Europe's wine-growers are hoping for a vintage year as the exceptional summer heatwave has forced an early harvest.
Italy is experiencing its hottest summer in 50 years
Vintners in Italy are rushing to pick their grapes before they dry up in the heat.
But experts say the sunny weather looks like good news for growers and wine-drinkers alike.
The heat has killed off parasites and thickened the grapes' skins - which raises the alcohol and sugar content of the wine and produces its aromas.
Wine growers in France are predicting a vintage year. Even though grapes are producing less juice for pressing, the taste is more intense than usual, experts say.
Depending on the final crop, Italian wines to watch are Chianti, Barolo and Brunello di Montalcino, says Luigi Mainetti, an official at Coldiretti, an Italian farmers' association.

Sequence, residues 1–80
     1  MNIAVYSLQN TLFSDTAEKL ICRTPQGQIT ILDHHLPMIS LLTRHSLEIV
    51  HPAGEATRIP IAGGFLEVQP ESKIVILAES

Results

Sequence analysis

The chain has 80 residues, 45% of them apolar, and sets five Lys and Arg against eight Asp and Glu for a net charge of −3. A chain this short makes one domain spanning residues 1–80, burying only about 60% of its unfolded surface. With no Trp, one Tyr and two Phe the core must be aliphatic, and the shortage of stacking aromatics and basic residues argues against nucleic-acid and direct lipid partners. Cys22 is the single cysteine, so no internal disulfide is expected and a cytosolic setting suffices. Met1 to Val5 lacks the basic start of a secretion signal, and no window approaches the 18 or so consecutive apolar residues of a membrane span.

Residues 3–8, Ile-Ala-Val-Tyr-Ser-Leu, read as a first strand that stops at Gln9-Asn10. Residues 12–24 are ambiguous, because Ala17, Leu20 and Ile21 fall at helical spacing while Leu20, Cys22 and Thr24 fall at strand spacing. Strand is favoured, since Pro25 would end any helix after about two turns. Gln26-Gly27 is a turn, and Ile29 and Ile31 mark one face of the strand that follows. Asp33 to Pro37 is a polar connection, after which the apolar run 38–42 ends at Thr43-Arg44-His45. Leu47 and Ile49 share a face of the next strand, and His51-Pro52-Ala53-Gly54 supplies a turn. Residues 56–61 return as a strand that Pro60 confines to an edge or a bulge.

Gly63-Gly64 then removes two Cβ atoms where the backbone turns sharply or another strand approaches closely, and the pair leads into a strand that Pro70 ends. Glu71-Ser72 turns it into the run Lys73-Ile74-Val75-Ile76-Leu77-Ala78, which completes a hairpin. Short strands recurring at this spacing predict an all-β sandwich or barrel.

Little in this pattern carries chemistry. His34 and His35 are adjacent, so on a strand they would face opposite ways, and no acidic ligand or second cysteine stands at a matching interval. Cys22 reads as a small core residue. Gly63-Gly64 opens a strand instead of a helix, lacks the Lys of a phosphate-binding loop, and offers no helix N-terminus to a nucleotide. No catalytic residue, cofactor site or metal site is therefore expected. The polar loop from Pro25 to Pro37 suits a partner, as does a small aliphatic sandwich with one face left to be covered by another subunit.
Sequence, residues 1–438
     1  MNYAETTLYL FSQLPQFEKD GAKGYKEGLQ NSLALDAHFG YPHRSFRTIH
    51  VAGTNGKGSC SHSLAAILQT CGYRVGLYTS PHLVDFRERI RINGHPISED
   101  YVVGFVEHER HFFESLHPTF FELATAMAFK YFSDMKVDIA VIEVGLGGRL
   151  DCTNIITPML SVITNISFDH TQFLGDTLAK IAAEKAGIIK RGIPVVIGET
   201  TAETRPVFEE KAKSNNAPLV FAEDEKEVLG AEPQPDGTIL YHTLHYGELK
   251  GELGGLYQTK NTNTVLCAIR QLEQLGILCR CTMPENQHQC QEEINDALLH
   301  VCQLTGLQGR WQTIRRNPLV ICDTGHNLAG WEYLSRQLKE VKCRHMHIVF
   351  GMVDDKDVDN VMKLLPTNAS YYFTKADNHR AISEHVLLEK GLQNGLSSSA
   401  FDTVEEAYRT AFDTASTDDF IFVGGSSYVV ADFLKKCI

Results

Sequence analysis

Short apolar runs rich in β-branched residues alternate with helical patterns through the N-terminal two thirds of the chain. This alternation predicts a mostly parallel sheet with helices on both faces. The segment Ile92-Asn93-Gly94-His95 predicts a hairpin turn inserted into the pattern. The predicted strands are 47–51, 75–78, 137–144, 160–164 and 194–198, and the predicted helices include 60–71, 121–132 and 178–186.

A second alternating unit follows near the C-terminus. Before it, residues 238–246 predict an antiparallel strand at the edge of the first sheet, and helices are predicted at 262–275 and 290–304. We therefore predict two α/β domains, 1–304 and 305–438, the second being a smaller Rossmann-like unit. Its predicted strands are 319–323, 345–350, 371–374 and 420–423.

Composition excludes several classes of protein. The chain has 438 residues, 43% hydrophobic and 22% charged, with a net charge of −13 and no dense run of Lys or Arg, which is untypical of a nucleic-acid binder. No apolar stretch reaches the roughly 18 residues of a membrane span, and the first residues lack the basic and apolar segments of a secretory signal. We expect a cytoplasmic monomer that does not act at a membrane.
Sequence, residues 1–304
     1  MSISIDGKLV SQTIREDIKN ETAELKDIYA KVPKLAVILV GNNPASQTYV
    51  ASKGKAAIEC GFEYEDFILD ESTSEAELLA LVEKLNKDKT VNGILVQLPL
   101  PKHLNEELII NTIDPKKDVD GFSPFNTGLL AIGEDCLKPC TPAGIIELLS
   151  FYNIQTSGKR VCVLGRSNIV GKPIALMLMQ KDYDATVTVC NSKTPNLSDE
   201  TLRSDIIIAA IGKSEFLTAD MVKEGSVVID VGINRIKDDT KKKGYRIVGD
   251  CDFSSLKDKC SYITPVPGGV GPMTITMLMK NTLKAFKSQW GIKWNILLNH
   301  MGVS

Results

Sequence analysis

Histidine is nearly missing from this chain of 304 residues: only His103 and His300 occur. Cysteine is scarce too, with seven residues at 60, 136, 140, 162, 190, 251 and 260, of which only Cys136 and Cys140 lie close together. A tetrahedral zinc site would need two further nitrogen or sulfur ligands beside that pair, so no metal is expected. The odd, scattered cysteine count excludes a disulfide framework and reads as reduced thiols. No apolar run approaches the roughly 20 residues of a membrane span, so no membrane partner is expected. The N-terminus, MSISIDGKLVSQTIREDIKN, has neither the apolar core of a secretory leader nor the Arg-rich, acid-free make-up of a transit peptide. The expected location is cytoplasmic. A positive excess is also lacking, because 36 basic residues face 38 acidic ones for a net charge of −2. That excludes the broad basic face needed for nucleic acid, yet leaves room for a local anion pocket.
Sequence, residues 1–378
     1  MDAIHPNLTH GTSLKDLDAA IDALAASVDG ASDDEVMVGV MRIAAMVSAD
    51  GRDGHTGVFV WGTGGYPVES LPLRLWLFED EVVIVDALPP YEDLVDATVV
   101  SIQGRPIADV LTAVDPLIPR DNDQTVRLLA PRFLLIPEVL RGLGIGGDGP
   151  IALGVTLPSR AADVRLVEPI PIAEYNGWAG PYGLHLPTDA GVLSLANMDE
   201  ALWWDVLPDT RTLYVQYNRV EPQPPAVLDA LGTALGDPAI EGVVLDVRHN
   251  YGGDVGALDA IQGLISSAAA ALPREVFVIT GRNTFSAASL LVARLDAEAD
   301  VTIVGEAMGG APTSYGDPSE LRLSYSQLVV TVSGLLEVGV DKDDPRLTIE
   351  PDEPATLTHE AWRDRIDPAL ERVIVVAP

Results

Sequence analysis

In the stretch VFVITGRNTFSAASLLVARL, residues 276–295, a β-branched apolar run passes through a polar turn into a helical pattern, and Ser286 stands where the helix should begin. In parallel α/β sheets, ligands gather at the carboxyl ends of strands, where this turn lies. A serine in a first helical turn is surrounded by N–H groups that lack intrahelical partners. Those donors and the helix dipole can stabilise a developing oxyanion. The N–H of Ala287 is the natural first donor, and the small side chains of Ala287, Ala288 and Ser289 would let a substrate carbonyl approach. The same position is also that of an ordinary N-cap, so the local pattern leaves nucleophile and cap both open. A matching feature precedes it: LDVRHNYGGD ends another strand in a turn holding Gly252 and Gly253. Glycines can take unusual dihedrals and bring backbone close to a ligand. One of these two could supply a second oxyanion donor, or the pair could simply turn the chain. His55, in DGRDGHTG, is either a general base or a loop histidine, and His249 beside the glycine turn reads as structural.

One Italian wine-maker, Alfonso Iannielli, from Avio in the north-east, says he has already started gathering his Chardonnay and Pinot grapes.
"Normally in this period we close down and go on holiday, but we've had to give that up," he told Associated Press news agency. "Still there are some good sides to it.
"For instance, right now the children are not in school and they can take part in the harvest.
"This way it can be done all in the family, like it used to be."
It is still early days for many wine varieties though - heavy-bodied reds in particular.
"For the other grapes we are in the hands of God," says Pino Giaccone, a wine-maker in the Sicilian town of Donnafugata.
"We need just a little rain, not a lot, no calamities, just a little rain."